V.L. Cox

A visit to the studio of Arkansas artist V.L. Cox would stir the creative juices of even the most artistically hopeless soul. Tucked away in an almost forgotten upstairs wing of North Little Rock’s First Presbyterian Church–the windows of the space were boarded up until she moved in a year and a half ago–V.L. can be alone with her artwork and yet remain connected to the city below. “Especially at night, you can just hear the town going full speed,” she says. “I love to open my window and listen to the trolley go by.”

Her studio space, located in the Argenta Historic District and designed in 1924 by famed Arkansas architect Charles L. Thompson, is crowded with the found objects she incorporates into her mixed media art, including chrome pieces from old cars, rusted metal signs, screen doors. “Incorporating collectibles in a painting or in a piece of art is a great way to preserve something,” says the artist, who admits and historic preservation is her second loves.

V.L.’s ongoing American South Screen Doors series, which features images of people from the South displayed behind salvaged antique screen doors, is a reflection of that love. V.L. explains that she painted her first screen door in 1991 for her senior art show at Henderson State University in Arkadelphia. The portrait behind the screen was of a longtime family friend named Queen Victoria. “She gave me an old screen door off her house, and I painted her behind it.” The painting received second place in a purchase-award art show, and V.L. says she split the prize money with Queen Victoria. “She was just so sweet to let me paint her!” she laughs. Another piece from the series, Colonial is Good Bread, was selected for the 2007 Arkansas Arts Center Delta Exhibition.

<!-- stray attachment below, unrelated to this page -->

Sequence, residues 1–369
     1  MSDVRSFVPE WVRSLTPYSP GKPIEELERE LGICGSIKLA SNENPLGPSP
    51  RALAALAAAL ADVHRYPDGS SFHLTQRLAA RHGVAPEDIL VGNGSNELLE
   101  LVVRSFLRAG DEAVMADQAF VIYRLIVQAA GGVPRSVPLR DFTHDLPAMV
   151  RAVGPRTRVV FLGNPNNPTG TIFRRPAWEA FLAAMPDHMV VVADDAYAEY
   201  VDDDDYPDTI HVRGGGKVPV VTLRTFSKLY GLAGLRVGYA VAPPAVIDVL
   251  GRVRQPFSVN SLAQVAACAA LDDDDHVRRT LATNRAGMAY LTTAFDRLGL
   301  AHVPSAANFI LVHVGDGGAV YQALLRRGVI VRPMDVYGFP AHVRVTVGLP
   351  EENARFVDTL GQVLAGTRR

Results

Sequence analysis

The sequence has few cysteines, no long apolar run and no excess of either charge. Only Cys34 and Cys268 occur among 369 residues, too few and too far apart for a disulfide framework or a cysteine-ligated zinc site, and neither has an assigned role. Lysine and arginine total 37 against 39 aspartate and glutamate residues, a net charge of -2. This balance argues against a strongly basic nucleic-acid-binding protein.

It’s clear that V.L., whose family has lived in the South for over 200 years, is strongly influenced by her heritage. But she’s also known for her vibrant, textural abstract paintings. “Mainly people know of my three-dimensional texture,” she says. “I like building things up; I like metal; I love geometrical things.” The pieces in her latest collection, many of which are on display at Little Rock’s M2 Gallery, combine warm, rich colors with strong geometric patterns. Most of the pieces are complemented with single-word titles, such as Vista, Sovereign, Magnitude and Ratio. “I think that if you pick the right word to associate with a painting, it’s powerful…It tells the story a little more,” she explains.

A full-time artist since 1997, V.L. has developed the business savvy necessary to accompany her artistic talent. But surviving in the art business hasn’t always been easy. “It was very difficult to learn at first, because they don’t teach you that in art school,” she says. “For two years I really struggled, and I started reading a lot after that, trying to educate myself.” V.L. admits that she often works on paintings from 12 to 15 hours a day, and she’s just as serious about promoting her work as she is about creating it. When she learned that female artists often have a harder time marketing their pieces in large markets, she even decided to start going by her initials. “My sales went up 30 percent,” she says.  “I know it’s not that way everywhere. In smaller areas, I don’t think it makes that big of a difference, but in bigger cities it makes a huge difference.” But the challenges of the art business aren’t stopping V.L. Cox any time soon. “I feel like there’s so much more I want to do, and that I’m just beginning.”

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